In line with [10], the experts report that processing should be value preserving, e.g., with low temperature. They describe organic processing with aspects we can find in the principle of naturalness and authenticity and include also environmental aspects such as food miles [46]. They also include aspects of working safety and fairness in their perception. Based on the IFOAM principles and further guidelines for organic food production, Nielsen [7] describes this approach as carefulness towards the product, the environment and the people. Carefulness towards the people is important especially for juices made from raw materials from the so-called Global South (see [74]) because of the often precarious working conditions in the growing countries [75]. To the best of our knowledge, research on the social dimension of organic juice processing is scarce. We found only two more studies on this topic: One study performed in a citrus-producing area in Spain found no benefit in social sustainability after conversion to organic [76] while another study performed in Kenya found certified organic farms to have better support and training for their workers [77]. Research on the social hot spots of food production can help identify relevant problems. For example, Du et al. [78] identified health and safety, labour rights and decent work as the most critical aspects for the case of sugar cane production in Brazil. We propose to extend the research, e.g., using Social Life Cycle Assessment (S-LCA) tools, to find out more about the social sustainability of organic juices [79,80].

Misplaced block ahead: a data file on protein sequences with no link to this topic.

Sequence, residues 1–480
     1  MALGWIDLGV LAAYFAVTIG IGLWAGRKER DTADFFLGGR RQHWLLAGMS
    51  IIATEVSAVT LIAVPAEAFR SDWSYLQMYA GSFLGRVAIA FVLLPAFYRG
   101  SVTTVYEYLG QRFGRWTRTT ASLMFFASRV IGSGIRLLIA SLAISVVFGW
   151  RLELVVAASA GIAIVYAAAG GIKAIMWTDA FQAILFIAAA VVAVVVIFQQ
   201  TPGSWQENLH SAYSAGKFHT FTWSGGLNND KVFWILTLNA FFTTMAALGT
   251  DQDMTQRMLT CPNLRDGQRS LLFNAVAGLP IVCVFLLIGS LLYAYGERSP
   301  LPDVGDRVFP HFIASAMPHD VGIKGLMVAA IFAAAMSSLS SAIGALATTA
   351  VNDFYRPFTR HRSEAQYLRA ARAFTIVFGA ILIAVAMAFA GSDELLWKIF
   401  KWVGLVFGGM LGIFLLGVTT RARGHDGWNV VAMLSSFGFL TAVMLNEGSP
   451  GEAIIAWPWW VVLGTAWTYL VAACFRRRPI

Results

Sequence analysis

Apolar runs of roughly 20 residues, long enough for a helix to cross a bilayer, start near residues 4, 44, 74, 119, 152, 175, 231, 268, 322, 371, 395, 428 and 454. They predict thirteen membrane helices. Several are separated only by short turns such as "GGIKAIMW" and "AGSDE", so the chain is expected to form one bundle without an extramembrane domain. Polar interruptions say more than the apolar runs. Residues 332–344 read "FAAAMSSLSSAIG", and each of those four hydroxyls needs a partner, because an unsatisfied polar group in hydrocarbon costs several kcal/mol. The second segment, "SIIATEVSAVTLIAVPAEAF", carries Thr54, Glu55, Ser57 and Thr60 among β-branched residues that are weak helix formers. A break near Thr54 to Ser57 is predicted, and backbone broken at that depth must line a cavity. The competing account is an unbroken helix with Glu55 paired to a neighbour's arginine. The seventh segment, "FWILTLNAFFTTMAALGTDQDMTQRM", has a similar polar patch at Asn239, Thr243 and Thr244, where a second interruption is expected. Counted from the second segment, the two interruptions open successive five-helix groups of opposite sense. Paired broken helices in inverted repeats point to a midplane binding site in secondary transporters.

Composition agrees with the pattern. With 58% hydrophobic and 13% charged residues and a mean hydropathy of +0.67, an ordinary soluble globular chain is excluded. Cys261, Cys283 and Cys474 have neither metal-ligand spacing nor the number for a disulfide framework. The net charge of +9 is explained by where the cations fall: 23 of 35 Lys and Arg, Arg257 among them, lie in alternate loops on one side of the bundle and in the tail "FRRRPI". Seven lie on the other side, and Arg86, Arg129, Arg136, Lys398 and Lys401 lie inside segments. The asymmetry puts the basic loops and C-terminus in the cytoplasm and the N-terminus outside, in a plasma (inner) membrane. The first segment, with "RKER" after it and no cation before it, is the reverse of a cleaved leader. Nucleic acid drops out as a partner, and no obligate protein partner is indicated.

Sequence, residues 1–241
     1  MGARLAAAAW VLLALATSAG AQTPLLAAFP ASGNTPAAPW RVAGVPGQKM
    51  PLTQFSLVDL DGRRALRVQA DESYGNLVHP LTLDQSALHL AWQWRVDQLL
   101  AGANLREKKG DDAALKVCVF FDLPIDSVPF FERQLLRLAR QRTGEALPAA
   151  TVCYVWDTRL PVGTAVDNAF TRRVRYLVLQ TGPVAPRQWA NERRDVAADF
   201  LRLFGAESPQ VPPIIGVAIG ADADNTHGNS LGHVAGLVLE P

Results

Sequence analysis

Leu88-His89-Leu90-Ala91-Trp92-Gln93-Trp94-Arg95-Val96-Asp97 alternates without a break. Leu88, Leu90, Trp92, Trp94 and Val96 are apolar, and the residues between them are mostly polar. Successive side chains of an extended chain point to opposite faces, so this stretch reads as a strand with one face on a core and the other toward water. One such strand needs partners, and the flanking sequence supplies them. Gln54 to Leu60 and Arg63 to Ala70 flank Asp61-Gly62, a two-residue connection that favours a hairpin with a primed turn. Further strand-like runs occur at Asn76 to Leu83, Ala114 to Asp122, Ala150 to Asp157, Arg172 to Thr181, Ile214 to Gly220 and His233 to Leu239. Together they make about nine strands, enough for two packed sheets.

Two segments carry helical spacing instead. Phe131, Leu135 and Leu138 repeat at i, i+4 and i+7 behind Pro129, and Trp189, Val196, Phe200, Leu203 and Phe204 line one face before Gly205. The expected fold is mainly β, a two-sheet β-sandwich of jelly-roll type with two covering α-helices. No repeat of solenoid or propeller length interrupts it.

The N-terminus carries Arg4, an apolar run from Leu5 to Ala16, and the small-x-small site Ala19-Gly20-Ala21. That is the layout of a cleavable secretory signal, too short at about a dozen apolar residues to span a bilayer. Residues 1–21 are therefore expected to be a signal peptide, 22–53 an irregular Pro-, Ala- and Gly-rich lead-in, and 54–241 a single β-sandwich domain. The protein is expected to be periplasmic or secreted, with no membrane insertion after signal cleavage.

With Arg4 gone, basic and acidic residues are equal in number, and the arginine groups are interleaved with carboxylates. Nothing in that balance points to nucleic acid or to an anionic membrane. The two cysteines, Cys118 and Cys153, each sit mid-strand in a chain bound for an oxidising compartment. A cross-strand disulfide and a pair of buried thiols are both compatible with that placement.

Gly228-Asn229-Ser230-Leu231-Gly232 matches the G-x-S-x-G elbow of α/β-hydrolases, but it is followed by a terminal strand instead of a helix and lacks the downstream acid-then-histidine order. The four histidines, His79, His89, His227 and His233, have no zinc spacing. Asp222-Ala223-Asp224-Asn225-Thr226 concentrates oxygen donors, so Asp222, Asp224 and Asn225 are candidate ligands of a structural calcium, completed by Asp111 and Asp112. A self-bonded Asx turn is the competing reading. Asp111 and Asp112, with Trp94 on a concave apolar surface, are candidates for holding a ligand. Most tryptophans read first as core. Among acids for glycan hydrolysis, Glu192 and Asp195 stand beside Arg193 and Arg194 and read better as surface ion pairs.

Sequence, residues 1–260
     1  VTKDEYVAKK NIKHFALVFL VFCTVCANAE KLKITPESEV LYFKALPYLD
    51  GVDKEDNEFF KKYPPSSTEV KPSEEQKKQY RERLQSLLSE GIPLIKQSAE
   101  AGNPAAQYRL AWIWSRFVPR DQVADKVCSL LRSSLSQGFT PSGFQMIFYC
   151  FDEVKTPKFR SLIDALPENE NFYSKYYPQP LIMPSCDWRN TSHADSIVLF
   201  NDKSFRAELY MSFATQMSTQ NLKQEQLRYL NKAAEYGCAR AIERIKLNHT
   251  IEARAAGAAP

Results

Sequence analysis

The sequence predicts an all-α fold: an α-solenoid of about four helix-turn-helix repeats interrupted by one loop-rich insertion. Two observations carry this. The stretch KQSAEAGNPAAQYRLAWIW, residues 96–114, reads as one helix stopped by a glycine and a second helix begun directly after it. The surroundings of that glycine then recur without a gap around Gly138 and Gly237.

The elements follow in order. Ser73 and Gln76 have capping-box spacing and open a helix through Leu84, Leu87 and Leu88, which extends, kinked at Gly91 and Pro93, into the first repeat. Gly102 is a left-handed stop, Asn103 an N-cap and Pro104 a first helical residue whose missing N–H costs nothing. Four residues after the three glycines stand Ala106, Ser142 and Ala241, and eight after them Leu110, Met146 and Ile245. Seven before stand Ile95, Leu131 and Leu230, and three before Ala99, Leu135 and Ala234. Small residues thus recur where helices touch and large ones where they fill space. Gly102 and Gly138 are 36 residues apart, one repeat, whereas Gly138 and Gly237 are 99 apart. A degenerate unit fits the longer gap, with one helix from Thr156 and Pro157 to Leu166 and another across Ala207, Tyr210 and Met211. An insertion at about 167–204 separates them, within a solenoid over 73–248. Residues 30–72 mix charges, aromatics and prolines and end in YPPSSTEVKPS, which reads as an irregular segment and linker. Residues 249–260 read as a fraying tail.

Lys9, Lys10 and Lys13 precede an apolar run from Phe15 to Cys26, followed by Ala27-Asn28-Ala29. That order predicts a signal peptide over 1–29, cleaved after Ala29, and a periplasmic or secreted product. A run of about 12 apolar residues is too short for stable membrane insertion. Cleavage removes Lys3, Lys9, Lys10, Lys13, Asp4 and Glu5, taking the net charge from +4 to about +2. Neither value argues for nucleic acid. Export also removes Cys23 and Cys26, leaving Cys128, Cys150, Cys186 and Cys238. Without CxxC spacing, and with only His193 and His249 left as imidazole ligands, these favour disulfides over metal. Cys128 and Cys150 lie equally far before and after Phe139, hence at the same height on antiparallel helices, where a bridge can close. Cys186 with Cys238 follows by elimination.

The experts’ definition of gentle processing is mostly in line with the definition of careful processing by the experts from Kretzschmar and Schmid [11], who meant “the maximum to keep the important compounds and […] to avoid undesired compounds or nutritional losses” (ibid, p. 113). Only one expert added that handmade, local processing can be seen as its own type of gentleness.